Strengthening health systems to tackle schistosomiasis

Demran Ali
Imperial College London
umerous studies have been published on the importance of leadership training for Ministry of Health (MoH) staff members, however teaching on the topic is unfortunately not often recognised as being a key part in tackling health issues and can be excluded from strategies to improve health in these countries. The team at SCI has recognised this problem, and has focused one of its key operational research projects on the development and evaluation of a leadership training course. It has been designed for MoH staff members working on treatment programmes against neglected tropical diseases (NTDs) in the countries SCI supports.

Soil-Transmitted Helminthiasis

Preventive chemotherapy to control soil-transmitted helminthiasis averted more than 500 000 DALYs in 2015

Antonio Montresor et al.
Transactions of The Royal Society of Tropical Medicine and Hygiene
We estimated that the implementation of [preventive chemotherapy, or] PC averted in 2015 over 44% of the [disability-adjusted life years, or] DALYs that would have been caused in children by [soil-transmitted helminthiasis, or] STH without the control intervention. A reduction in morbidity of over 75% is expected, if the global target is reached in 2020. If the programme is subsequently maintained, morbidity from STH will be almost totally removed by 2025.

Soil-transmitted helminth infection, loss of education and cognitive impairment in school-aged children. . .

Noel Pabalan et al.
PLOS Neglected Tropical Diseases
This literature synthesis included all relevant epidemiologic studies regardless of design and investigated associations between STH infections and two outcomes: i) educational loss (attendance and scholastic achievement) and ii) psychometrically performance in four neurocognitive domains—memory, learning, reaction time and intelligence. Pooled results across 36 observational and intervention studies suggest that STH infection/non-treatment is associated with deficits in five of six domains evaluated and provide evidence in support of a cognitive and educational benefit of deworming for STH infections.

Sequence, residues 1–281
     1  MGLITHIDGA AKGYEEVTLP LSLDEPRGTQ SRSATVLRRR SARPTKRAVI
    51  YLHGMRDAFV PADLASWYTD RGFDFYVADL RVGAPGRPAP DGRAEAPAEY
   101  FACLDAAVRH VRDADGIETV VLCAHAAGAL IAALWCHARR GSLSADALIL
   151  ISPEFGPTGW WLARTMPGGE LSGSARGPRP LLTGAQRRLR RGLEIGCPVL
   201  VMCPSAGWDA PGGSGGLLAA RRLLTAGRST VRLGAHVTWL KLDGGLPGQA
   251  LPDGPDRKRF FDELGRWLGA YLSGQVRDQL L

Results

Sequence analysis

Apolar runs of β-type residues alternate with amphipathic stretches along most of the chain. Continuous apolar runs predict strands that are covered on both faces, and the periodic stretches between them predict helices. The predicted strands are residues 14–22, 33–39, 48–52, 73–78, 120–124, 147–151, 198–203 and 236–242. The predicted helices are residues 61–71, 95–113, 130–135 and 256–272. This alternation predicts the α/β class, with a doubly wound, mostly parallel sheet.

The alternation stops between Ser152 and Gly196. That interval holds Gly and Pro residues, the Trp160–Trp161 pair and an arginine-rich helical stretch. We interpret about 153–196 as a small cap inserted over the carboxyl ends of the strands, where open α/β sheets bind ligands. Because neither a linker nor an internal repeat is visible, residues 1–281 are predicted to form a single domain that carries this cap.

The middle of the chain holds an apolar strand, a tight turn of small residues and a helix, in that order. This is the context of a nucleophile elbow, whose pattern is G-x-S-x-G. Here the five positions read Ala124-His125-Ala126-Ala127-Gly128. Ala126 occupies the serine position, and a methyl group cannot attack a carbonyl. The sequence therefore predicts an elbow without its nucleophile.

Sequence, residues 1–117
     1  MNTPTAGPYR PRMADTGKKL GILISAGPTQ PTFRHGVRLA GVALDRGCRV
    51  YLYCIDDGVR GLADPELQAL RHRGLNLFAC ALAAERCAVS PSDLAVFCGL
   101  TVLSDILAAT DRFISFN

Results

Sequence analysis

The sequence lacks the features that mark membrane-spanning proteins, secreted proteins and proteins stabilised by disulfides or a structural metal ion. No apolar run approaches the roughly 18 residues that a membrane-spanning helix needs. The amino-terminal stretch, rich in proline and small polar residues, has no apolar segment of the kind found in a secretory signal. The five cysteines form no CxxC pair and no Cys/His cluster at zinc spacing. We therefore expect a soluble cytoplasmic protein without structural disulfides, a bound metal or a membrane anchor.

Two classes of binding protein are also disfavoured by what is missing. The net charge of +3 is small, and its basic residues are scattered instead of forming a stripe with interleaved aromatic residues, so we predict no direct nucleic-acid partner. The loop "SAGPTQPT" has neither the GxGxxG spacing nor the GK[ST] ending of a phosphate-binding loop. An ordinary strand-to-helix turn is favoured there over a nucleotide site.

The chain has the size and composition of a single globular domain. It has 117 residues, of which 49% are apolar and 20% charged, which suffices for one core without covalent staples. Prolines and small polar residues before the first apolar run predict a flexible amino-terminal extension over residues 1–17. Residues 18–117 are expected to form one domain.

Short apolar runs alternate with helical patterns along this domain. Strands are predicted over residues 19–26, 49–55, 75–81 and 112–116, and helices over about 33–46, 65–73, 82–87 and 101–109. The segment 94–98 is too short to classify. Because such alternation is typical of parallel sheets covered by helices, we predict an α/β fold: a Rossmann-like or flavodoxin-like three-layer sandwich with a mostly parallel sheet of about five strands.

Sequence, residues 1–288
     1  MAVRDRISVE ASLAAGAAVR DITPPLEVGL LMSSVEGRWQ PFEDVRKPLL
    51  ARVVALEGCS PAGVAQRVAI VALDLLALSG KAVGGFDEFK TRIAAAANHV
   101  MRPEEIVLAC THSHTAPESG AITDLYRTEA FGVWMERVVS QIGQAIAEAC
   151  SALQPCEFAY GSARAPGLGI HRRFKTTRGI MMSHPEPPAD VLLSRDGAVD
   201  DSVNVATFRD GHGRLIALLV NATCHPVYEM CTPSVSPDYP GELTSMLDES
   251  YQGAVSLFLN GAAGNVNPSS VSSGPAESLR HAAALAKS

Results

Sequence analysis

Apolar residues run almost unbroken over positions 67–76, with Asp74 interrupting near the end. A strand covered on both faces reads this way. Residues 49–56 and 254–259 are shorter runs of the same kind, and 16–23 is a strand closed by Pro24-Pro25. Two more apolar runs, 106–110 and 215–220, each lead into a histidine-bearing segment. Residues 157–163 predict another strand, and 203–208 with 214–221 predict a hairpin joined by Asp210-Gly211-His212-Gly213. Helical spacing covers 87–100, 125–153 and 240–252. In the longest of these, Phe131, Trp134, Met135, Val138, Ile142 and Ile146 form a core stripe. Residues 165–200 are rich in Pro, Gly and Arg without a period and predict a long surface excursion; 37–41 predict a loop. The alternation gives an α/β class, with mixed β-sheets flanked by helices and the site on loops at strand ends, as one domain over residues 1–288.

Launch of 'DeWorm3' collection

PLOS Neglected Tropical Diseases
The DeWorm3 collection compiles numerous studies on STHs, including: Evaluations of the sustainability, scalability, and replicability of STH transmission interruption; A series of cluster randomized trials in India and Malawi to evaluate the impact of biannual community-wide MDA with albendazole compared to the current standard of care; and An analysis of the impact of different diagnostic tools to aid in soil-transmitted helminth transmission elimination


A Bath Without Water

Juee Arte
News Originators
Trachoma is an infection of the eye due to dirt getting into your eye. Multiple infections of trachoma can leave you permanently blind. The disease leaves eight million people permanently blind each and every year. The shocking part about it is that to avoid being infected with trachoma, all you have to do is wash your face: no medicine, no pills, no injections.


Why The World Ignores Diseases Of Poverty

Charlie Ensor
The Huffington Post
Because they’re not big killers, these diseases don’t attract a lot of funding that would go toward researching new drugs or providing hard-hit areas with greater support, according to Dr. W. Evan Secor, a microbiologist in the Division of Parasitic Diseases and Malaria at the Centers for Disease Control and Prevention. It’s tough to get people to pay attention to diseases that aren’t already well-funded, he added.